Media reform and the Murdoch mafia's Channel Ten con

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(Image via Rod Moffatt‏ @Ozlandscapes)

Channel Ten is not insolvent — its voluntary administration is simply a ruse to allow Rupert to take over the rest of Australia’s mainstream media. Managing editor David Donovan explains.

I SHOULDN'T NEED to write about the reasons behind the so-called “bankruptcy” of Channel Ten, because the reasons are blatantly apparent. But, try as I might, I can’t seem to find this sort of commentary anywhere — apart from on social media, of course.

It’s enough to make one think our media representatives are either stupid or corrupt. Heavens! Perish the thought.

Here are the facts.

Channel Ten has gone into voluntary administration. Receivers KordaMentha have been appointed. This happened after shareholders Lachlan Murdoch (7.7%) and Bruce Gordon (15%) refused to guarantee a new finance package — one that does not become due until December. There is no problem with liquidity at Ten — it has good cashflow and is paying all of its bills as they become due. In short, it is not insolvent.

Nevertheless, this voluntary administration, made during the second last sitting week of Parliament before the long winter recess, did allow Communications Minister Mitch Fifield to yesterday stand in front of the cameras and solemnly urge the Parliament to pass his new media “reform” laws. This media package, which also removes the need for broadcasters to pay licence fees, was tabled in the Lower House this morning (15/6/17).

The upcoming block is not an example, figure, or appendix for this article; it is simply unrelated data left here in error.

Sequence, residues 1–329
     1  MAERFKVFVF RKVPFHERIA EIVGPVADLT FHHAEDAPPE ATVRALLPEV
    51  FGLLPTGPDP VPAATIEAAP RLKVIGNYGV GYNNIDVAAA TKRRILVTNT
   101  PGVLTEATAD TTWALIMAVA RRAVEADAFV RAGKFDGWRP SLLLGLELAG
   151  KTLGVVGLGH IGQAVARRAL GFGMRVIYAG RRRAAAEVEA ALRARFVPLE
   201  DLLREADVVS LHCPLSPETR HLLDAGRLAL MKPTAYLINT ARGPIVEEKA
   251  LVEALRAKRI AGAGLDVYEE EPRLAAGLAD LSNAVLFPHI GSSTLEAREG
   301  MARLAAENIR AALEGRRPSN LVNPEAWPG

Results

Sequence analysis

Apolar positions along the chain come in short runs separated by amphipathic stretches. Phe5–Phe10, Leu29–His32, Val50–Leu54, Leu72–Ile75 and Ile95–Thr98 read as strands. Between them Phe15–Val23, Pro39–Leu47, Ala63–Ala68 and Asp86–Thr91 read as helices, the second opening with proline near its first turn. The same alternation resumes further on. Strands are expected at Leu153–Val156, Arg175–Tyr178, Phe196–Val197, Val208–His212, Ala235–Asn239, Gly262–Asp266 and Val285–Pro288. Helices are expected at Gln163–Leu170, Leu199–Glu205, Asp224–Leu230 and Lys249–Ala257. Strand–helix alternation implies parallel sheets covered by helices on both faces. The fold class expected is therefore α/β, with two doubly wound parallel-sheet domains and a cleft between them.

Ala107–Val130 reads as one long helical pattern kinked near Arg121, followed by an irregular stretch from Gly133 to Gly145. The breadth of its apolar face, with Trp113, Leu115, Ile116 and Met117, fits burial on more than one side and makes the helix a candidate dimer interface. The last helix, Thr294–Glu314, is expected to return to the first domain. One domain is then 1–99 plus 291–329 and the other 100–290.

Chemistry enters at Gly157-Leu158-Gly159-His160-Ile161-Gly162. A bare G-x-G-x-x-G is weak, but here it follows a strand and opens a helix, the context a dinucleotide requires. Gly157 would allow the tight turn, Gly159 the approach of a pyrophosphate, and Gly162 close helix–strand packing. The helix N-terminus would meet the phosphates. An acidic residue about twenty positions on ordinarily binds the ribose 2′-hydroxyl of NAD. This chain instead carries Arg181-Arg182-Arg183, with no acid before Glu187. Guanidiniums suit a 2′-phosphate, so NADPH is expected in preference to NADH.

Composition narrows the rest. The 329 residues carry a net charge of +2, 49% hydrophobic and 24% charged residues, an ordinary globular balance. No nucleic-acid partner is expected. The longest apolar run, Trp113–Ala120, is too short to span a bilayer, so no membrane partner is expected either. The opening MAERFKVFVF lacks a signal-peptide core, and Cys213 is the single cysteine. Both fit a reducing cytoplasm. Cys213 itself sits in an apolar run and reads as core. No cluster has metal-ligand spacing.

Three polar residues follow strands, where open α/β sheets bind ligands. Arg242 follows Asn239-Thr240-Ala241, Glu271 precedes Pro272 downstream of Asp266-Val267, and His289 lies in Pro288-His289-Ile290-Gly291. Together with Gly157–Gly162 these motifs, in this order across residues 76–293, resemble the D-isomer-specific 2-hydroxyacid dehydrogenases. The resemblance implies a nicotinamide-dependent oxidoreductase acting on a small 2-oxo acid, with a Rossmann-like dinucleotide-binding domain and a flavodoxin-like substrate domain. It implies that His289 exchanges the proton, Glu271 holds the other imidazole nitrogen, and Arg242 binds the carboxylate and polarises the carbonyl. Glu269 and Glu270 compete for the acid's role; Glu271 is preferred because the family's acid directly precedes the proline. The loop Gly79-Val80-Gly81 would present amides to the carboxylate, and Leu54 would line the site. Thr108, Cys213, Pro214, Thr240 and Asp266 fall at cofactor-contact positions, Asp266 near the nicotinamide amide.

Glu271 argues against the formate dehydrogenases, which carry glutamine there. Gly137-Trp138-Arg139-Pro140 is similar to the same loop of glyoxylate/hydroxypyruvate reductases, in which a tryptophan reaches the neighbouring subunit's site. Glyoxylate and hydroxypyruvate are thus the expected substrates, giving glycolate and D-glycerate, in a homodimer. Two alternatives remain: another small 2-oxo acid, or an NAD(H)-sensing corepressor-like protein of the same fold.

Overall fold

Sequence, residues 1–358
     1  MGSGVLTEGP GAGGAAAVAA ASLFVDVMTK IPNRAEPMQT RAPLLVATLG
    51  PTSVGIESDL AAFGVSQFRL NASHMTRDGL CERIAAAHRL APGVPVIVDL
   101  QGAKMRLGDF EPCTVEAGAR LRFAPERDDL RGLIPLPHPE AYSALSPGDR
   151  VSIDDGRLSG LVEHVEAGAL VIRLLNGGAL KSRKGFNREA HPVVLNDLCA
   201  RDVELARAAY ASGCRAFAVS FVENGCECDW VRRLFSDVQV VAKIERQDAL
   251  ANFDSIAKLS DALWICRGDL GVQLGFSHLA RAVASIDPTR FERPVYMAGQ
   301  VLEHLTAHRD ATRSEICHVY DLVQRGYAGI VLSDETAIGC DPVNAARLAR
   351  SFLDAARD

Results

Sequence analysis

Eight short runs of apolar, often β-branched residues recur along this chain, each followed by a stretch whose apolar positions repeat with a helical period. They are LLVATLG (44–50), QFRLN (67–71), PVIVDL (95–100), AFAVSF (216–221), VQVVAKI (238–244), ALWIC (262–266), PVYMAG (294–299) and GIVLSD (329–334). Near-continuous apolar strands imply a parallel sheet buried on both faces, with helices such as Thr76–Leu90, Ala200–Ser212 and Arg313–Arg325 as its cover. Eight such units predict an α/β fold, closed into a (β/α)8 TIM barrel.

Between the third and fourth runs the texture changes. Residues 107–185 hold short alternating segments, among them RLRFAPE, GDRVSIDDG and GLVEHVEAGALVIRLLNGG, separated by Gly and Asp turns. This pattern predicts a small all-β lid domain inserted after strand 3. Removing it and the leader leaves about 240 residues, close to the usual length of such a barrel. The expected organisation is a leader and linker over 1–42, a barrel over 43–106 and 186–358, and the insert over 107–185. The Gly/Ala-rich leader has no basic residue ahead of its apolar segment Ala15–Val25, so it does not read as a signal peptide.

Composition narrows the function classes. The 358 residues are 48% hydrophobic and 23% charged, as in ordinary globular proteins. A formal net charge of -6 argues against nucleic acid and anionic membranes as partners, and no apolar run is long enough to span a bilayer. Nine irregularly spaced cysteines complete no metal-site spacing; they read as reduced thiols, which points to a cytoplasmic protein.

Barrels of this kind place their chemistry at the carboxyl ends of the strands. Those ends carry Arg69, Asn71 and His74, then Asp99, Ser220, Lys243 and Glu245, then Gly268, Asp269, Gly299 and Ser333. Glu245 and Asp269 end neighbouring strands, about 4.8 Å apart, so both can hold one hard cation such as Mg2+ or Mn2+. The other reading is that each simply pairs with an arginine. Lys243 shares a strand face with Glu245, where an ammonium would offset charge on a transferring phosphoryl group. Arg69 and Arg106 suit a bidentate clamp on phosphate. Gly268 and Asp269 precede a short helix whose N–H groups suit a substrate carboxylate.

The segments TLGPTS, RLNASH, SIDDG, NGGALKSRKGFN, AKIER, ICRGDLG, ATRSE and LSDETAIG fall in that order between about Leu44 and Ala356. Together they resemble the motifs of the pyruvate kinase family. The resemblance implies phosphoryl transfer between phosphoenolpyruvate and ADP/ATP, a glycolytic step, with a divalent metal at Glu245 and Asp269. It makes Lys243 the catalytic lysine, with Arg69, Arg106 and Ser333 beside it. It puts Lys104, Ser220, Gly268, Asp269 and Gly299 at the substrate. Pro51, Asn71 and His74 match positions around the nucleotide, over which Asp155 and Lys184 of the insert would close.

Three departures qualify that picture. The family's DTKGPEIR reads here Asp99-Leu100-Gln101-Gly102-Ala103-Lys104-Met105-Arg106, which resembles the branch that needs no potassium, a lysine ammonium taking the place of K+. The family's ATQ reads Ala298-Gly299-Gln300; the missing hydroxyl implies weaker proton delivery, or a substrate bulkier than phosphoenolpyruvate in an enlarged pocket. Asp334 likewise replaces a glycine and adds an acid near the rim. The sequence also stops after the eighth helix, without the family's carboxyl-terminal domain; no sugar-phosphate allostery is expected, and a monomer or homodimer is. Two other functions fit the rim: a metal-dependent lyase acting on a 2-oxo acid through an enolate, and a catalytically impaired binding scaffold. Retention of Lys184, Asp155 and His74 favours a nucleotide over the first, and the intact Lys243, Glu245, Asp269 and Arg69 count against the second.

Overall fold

These new media regulations open up Australia’s mainstream media market already the most concentrated in the Western world to even more consolidation. Ten has been among the most vocal supporters of the reforms. Lachlan Murdoch is executive co-chairman of News Corp. His father, News Corp chair and owner Rupert Murdoch, has long coveted a free-to-air television licence in Australia, but has been denied by Australia’s media laws. With Australia’s weak media ownership regulations binned, the Murdoch family’s News Corp Goliath would finally be able to acquire Channel Ten — and more.

Veteran Murdoch watcher, former Liberal Party staffer and Crikey founder Stephen Mayne had this to say about these events on ABC 7.30 last night:

The Murdochs and Bruce Gordon cannot buy Channel Ten in its current form unless there is media reform.